With small businesses feeling the pressure to cash in on e-commerce, thousands of Web-site designers are standing on the sidelines, just waiting to jump in and offer their services. Many of them may as well be seated in the bleachers, however.
Broadly speaking, Web-site design firms are staffed by people with technological expertise rather than business savvy. And, the fact is, most small businesses care about technology only as far as it helps them to get the job done. Developers must consider the sales and marketing needs of small businesses, understand the differences between features and benefits, and learn to incorporate unique tools and services into their clients' Web sites.
For example, take a small business that sells a tangible product. Doesn't it make sense to build a Web site that allows the business to ship that product overseas? The business owner must be able to set up shipping methods and pricing schemes for different regions. It's not uncommon for Internet retailers to ship 20 percent to 25 percent of their products overseas, yet more than 95 percent of small-business e-commerce systems do not allow international shipping. Frankly, that epitomizes the state of the Web-design and -development business today: half-baked tools created by companies that aren't thinking from the small-business viewpoint.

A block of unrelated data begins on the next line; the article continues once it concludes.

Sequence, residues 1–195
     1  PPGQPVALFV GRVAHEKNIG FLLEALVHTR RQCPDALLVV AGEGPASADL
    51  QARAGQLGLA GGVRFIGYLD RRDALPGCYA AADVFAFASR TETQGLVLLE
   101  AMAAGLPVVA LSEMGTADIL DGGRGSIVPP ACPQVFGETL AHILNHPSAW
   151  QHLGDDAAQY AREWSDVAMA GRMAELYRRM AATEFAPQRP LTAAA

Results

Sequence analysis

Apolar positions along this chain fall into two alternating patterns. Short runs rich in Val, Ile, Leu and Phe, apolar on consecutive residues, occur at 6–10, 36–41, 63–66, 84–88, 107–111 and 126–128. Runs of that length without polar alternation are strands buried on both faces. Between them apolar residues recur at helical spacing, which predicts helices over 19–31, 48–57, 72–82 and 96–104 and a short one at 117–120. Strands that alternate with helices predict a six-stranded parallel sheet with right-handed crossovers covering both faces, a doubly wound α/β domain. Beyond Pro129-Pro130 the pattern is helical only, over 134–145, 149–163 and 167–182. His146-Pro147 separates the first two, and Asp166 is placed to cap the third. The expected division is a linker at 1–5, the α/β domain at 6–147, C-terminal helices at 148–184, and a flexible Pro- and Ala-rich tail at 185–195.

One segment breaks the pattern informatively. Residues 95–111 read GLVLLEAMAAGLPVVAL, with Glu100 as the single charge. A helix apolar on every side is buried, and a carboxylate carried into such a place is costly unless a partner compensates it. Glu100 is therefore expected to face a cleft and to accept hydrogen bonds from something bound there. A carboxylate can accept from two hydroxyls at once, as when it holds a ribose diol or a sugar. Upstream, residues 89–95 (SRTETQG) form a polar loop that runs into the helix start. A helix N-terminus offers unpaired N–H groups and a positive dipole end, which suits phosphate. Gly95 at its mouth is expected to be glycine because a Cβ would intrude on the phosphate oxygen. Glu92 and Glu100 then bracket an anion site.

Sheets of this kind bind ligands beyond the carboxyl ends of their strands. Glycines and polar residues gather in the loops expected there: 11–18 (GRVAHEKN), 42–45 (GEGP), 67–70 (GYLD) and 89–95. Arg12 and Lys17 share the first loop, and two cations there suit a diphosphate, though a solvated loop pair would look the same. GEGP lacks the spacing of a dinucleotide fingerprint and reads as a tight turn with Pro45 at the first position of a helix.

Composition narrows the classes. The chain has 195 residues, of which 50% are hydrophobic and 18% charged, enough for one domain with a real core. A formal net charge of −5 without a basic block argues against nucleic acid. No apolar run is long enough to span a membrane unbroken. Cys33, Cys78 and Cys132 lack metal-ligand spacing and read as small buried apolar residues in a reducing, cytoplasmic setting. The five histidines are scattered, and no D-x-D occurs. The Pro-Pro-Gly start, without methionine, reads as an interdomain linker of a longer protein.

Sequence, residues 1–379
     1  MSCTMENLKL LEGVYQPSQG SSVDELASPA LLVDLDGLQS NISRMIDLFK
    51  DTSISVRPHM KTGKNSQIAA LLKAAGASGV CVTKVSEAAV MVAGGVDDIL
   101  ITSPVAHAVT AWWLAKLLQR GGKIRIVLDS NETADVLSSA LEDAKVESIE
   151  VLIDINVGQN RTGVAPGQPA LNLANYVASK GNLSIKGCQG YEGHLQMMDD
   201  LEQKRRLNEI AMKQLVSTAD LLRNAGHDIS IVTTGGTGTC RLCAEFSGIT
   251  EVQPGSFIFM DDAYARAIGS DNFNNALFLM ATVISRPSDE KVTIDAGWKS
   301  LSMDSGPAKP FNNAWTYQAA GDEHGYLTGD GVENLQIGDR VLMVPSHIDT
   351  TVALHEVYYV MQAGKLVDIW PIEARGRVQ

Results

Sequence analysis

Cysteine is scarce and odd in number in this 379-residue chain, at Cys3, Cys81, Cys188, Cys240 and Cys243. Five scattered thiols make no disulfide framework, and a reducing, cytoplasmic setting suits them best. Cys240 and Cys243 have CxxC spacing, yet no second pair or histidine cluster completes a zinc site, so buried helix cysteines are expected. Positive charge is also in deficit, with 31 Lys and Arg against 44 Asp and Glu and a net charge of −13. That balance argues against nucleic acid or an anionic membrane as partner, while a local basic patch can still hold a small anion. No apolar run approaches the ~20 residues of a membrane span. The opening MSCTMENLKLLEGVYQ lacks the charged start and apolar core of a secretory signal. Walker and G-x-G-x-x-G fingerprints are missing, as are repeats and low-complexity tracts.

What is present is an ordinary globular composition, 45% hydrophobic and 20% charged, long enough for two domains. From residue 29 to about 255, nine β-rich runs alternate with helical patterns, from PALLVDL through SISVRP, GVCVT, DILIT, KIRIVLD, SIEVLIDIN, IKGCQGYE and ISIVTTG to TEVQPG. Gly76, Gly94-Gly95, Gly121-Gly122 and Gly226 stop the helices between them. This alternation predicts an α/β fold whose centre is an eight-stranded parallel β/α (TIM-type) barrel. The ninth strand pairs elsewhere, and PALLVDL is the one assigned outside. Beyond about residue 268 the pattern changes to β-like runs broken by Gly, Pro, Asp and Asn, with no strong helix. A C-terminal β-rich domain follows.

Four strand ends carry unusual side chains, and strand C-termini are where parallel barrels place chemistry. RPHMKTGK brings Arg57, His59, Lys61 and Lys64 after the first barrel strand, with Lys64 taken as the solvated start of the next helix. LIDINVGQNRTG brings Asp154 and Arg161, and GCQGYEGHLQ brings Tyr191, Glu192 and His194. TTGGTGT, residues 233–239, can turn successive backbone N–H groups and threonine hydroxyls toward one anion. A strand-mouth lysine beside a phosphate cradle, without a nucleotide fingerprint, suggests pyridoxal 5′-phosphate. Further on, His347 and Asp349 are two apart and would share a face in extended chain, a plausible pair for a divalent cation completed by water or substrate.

Another issue is affiliate programs. Larger, more established dot-coms know such programs are powerful marketing tools. But most small businesses have not gotten the message, and, those that have, mistakenly be lieve they're difficult and expensive to set up. It's up to the Web developer to explain in sales-focused terms how an affiliate program requires minimal ef fort and could result in increased revenue.
To build strong client relationships and uncover new sources of revenue, Web designers must realize that there's more to helping a small company profit online than simply creating Web pages. By stepping into the shoes of small-business owners, they'll be able to run a full-court press and score big-time profits.
Peter Kent is founder of BizBlast.com, an e-business service provider that helps small businesses create, market and maintain on line stores. Contact him at Peter@BizBlast.com.